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need help with my 12 volt conversion????

2802 Views 9 Replies 3 Participants Last post by  snowcrash
Hey guys,
This looks like a really nice place with a lot of helpful topics and already seen some stuff that I never knew existed before coming over here!

Here's my problem, have a Ford 2000 with a loader on it and had the regulator tweeked to run on a 8 volt battery but we are always replacing them and it just doesn't charge up good. Figured we would change it so I bought a 12 volt conversion kit that came with all the accessories needed to get the job done. There were minor issues with the bracket with the loader so close, changing belts was a chore due to the pump shaft going thru the front connecting to the bottom pulley on the tractor and also the wiring harness being taped up wrong. Like I said, all of this was minor so got it all back together today and went to crank it and nothing!

Had the original 6 volt coil on it, so I ran a wire from the terminal block(hot with the switch on) to the resistor that came with the kit, and then a wire to the + side of the coil like the instructions said to do. Went to crank it and we had nothing checked with a test light and to begin with, the 12 volt side of the resistor was burning bright and the other side was dim like it has been resisted going to the + side. The coil's negative side didn't even saw a light on the test light. Later though after trying to crank it, sometimes both sides of the resistor were burning bright as was the coil so thought the resistor is bad or something? Check the points and they had fire even though the test light didn't light up going to the distributor from the - side of the coil. Checked with a volt meter and the 12 volt side of the resistor would show 12 all the times and then the other side would show a different number either low or when the test light would be burning bright, 12, the same as the hot side where it should be 12.

Not sure if the coil was burnt up or something, I decided to try a 12 volt coil that I am pretty sure is good. Trying not to spend a lot of money troubleshooting this problem, my old street rod had a resistor on the firewall I used when I used a different distributor on it but now with the electronic distributor, I no longer need it so it was just sitting there. Now with a 12 volt coil and the resistor, I put that stuff on and got it wired up like I was told by a parts man back in the past when working on my uncles 2000 that has been already converted. I ran the 12 volt switch wire from the terminal block to the + side of the coil and then ran a wire from the negative side of the coil to the resistor and then a wire from the resistor to the distributor. I was always told that if you have 12 volts and have a 12 volt coil that it should receive the full volts and then be dropped down for the distributor. Went to crank it that time and still got nothing. I put a test light on the coil wire and did see that it was firing for a moment. Not long after that the tractor did crank up but only a few seconds later cut off and has not fired since.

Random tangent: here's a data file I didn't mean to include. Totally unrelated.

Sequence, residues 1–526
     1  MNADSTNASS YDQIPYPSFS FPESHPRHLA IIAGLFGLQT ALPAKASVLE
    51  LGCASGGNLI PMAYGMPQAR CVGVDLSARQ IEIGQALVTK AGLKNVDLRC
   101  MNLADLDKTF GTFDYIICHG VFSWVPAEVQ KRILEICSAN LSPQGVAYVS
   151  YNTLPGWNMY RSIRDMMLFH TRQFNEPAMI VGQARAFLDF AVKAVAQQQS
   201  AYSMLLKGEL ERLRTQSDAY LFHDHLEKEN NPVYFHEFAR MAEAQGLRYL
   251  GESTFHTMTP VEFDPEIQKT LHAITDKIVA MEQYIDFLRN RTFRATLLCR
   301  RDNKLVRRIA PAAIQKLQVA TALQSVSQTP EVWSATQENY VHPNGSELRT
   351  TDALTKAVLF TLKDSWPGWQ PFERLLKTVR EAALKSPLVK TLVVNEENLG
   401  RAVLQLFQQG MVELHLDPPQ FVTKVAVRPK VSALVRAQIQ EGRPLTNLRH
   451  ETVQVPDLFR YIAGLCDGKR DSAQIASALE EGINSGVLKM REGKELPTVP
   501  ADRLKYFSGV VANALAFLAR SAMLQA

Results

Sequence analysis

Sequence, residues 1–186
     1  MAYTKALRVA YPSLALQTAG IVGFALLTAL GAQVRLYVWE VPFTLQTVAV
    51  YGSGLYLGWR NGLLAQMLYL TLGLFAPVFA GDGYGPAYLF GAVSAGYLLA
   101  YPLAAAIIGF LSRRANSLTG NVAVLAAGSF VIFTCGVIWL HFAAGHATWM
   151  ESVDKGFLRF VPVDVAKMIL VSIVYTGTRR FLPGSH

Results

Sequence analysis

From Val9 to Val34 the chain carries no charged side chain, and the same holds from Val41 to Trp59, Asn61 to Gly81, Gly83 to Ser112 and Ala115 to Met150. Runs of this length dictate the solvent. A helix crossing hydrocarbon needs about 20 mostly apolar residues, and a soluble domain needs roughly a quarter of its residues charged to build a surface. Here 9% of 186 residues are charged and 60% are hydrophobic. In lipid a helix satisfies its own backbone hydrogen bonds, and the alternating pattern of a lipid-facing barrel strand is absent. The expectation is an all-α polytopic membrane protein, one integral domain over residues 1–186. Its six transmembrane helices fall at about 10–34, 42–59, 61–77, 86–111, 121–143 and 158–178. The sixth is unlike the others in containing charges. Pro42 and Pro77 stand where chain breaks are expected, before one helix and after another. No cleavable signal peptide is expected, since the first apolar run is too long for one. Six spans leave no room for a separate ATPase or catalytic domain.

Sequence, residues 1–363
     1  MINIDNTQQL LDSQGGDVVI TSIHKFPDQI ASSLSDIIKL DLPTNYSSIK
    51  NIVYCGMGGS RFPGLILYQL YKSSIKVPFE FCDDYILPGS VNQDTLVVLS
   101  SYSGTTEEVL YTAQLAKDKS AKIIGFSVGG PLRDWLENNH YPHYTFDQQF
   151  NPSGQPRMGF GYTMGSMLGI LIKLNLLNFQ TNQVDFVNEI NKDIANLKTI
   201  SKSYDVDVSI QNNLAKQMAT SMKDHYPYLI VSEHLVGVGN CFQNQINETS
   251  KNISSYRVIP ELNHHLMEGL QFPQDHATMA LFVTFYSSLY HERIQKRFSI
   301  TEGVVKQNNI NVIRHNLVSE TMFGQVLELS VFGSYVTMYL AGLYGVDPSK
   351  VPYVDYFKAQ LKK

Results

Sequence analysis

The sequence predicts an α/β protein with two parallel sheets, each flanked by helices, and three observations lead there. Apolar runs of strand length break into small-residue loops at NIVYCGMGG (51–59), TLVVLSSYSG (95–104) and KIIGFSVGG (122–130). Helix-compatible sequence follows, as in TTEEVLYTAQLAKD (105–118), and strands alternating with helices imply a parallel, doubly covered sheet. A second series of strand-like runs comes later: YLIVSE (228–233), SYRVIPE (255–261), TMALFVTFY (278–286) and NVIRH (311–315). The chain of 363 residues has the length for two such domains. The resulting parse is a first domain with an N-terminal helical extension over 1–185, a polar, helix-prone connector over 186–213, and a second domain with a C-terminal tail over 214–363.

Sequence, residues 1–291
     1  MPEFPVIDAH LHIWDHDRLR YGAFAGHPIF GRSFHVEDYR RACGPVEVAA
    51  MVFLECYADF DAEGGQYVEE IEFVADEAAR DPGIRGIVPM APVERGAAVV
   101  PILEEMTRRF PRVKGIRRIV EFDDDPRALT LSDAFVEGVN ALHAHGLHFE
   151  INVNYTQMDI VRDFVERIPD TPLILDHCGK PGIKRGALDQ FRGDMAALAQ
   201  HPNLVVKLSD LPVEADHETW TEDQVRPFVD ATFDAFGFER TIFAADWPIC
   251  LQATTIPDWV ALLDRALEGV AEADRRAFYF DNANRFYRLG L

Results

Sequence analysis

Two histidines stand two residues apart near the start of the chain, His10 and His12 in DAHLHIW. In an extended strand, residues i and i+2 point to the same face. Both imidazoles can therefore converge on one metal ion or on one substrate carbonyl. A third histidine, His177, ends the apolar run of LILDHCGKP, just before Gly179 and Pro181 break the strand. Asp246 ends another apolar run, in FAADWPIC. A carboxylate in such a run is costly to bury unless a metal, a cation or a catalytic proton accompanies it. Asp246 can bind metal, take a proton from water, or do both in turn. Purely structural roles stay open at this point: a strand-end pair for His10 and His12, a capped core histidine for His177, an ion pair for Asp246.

I checked the points again and it does have more fire with the way it is hooked up now than before with the 6 volt coil on it but for some reason still isn't firing. If you pull the plug out of the top of the coil and try to start it, you don't see a spark.

I'm at a lost with this conversion and really need some assistance to get it back running. I don't know if I need to buy another coil, resistor, coil with a resistor built into it, points, condensor or what I need to get it fixed and running so we can move hay with it.

If you have any ideas or points, part numbers or anything, please help and I'll try anything in the morning. I see that if you get a coil that is internally resisted and you don't need to use a resistor I am assuming but not really sure. I saw in some post that a guy said that an AC Delco U515 didn't need to be resisted but not really sure on that. After reading things, I am not sure what needs to be changed but from the beginning, it looked as if you just resist the wire going to the coil, you would be fine and it should run but I don't guess so right now!

I know how to work on stuff and this just has me confused, maybe I'm just not thinking straight but any help would be greatly appreciated.
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I have NEVER found a condenser that cared about the voltage, all it does is act like a filter to smooth out the voltage pulses. Your problem was coil related and using the NAPA true 12v coil fixed that.

The nice thing about the 3 wire alternators is that they do start charging as soon as you start the engine unlike the 1 wire that does have to rev to about 1800 rpm to start charging.
Your confusing a condenser with a resistor. The condenser does nothing but act as a filter like I said, the resistor whether it is an external one mounted before the coil or an internal resistor built into a coil is what regulates the voltage. And no you do not need to find one to keep on hand since you have replaced the coil with one that has the built in resistor.
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